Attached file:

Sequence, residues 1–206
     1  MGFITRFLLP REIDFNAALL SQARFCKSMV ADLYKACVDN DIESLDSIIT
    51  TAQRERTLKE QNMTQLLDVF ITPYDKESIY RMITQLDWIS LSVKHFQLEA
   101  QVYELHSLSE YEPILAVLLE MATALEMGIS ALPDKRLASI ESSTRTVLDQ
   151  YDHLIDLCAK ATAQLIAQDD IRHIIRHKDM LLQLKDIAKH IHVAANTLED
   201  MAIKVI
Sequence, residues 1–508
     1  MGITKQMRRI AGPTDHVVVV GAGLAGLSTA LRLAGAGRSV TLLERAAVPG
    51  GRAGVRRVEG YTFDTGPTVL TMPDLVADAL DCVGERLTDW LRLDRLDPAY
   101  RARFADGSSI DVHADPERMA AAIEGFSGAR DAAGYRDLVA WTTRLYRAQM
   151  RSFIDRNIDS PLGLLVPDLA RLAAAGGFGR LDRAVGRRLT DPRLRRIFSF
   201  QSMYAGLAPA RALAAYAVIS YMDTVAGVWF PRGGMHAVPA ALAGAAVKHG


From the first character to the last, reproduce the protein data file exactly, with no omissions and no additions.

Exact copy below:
Sequence, residues 1–206
     1  MGFITRFLLP REIDFNAALL SQARFCKSMV ADLYKACVDN DIESLDSIIT
    51  TAQRERTLKE QNMTQLLDVF ITPYDKESIY RMITQLDWIS LSVKHFQLEA
   101  QVYELHSLSE YEPILAVLLE MATALEMGIS ALPDKRLASI ESSTRTVLDQ
   151  YDHLIDLCAK ATAQLIAQDD IRHIIRHKDM LLQLKDIAKH IHVAANTLED
   201  MAIKVI
Sequence, residues 1–508
     1  MGITKQMRRI AGPTDHVVVV GAGLAGLSTA LRLAGAGRSV TLLERAAVPG
    51  GRAGVRRVEG YTFDTGPTVL TMPDLVADAL DCVGERLTDW LRLDRLDPAY
   101  RARFADGSSI DVHADPERMA AAIEGFSGAR DAAGYRDLVA WTTRLYRAQM
   151  RSFIDRNIDS PLGLLVPDLA RLAAAGGFGR LDRAVGRRLT DPRLRRIFSF
   201  QSMYAGLAPA RALAAYAVIS YMDTVAGVWF PRGGMHAVPA ALAGAAVKHG